Journal of Acquired Immune Deficiency Syndromes Vol. 39; No.
Syringe exchange programs (SEP) have been effective in
reducing syringe sharing and reuse. To prevent the
transmission of blood-borne infections, CDC and other
government agencies recommend that injection drug users (IDUs)
use a new, sterile syringe for each injection. In order for
this recommendation to be implemented fully, drug injectors'
access to syringes must be expanded.
On January 1, 2001, the New York state Expanded Syringe Access
Demonstration Program (ESAP) took effect. The law allows
pharmacies to sell up to 10 syringes at a time without a
prescription; it also allows syringe distribution through
private doctors, hospitals, and clinics to persons age 18 or
older; and it permits the possession of those syringes for the
purpose of injecting drugs. The law requires that providers
register with the New York State Department of Health; it
mandates an independent evaluation of the program; and it
stipulates that the syringes be accompanied by information on
safe use and disposal.
Researchers in the current study sought to assess changes in
receptive syringe sharing since the inception of the ESAP. To
accomplish this, they combined data on sociodemographic
characteristics and syringe use regarding the last injection
episode from three ongoing studies in Harlem and the Bronx
from January 2001 through June 2003. These data were analyzed
as serial cross sections by 10 calendar quarters.
"The ESAP has increased access to sterile syringes for IDUs in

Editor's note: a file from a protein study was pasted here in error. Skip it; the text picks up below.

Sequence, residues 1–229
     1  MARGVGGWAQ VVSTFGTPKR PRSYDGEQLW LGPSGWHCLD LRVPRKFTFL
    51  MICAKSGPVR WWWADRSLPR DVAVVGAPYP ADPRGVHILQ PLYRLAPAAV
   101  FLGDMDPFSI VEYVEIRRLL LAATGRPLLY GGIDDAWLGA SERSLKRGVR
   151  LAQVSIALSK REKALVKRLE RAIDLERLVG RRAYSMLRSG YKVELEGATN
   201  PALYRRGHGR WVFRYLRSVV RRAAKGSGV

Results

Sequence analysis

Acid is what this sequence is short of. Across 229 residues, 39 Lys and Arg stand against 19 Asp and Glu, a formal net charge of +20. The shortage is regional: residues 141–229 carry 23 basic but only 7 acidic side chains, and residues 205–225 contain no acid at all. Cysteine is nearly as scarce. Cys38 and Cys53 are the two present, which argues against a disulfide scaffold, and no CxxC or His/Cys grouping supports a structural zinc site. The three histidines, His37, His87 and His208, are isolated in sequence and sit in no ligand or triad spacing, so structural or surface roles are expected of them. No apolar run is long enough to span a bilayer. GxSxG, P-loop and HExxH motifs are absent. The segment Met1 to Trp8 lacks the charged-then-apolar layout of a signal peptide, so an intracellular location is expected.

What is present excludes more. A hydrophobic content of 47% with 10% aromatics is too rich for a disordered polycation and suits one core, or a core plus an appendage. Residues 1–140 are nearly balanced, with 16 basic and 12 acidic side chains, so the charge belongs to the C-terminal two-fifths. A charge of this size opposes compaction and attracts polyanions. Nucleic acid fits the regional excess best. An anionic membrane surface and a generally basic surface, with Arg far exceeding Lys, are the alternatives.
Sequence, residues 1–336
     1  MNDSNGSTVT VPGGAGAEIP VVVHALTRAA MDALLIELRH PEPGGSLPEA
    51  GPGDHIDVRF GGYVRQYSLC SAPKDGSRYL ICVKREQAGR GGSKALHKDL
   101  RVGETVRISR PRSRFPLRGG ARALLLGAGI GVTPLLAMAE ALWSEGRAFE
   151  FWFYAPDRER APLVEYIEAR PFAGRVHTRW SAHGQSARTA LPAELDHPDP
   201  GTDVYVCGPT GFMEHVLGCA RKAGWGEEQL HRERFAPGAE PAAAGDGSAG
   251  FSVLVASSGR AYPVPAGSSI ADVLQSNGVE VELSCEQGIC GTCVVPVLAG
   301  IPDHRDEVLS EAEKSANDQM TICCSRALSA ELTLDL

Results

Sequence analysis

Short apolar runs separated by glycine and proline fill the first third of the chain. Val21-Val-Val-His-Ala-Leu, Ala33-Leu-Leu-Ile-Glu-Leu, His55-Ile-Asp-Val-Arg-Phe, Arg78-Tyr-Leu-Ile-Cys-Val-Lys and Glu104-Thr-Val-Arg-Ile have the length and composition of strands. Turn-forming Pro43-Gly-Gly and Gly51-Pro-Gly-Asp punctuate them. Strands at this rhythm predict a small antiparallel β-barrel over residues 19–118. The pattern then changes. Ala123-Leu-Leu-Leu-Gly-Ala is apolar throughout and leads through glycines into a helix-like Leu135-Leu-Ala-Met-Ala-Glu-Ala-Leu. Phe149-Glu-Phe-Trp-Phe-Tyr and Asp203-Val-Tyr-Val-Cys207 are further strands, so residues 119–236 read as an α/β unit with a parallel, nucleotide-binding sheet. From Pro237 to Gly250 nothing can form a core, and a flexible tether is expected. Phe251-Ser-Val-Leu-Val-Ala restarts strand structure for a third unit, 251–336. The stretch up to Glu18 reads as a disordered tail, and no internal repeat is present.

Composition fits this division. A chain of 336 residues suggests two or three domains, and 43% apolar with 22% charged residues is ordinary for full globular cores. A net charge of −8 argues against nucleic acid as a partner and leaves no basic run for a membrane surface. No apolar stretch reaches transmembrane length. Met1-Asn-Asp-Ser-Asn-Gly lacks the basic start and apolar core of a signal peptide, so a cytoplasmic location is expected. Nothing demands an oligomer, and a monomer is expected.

New York State," the researchers wrote. Their investigation
found that receptive syringe sharing decreased significantly,
from 13.4 percent of participants to 3.6 percent in the final
quarter. The percentage of IDUs who obtained their most recent
injection syringe from an ESAP source (chiefly pharmacies)
increased from 7.5 percent in the first quarter to 25 percent
in the last quarter. Multiple logistic regression analysis
found that variables associated with less receptive sharing
were syringe exchange and ESAP syringe source as well as time
since ESAP inception. Female gender and white race/ethnicity
were significantly associated with more receptive sharing.
"The increase in the use of pharmacies and other ESAP syringe
sources in this sample has been accompanied by a decline in
receptive sharing," the researchers concluded. "SEPs remained
the most frequent syringe source. This highlights the
importance of SEP accessibility for IDUs in Harlem and the
Bronx. Further research regarding the potential serious
barrier that the cost of syringes may represent for many IDUs
is suggested. Increasing SEP access and lowering the cost of
syringes at pharmacies may lead to greater reductions in
unsafe injecting practices, especially for IDUs with low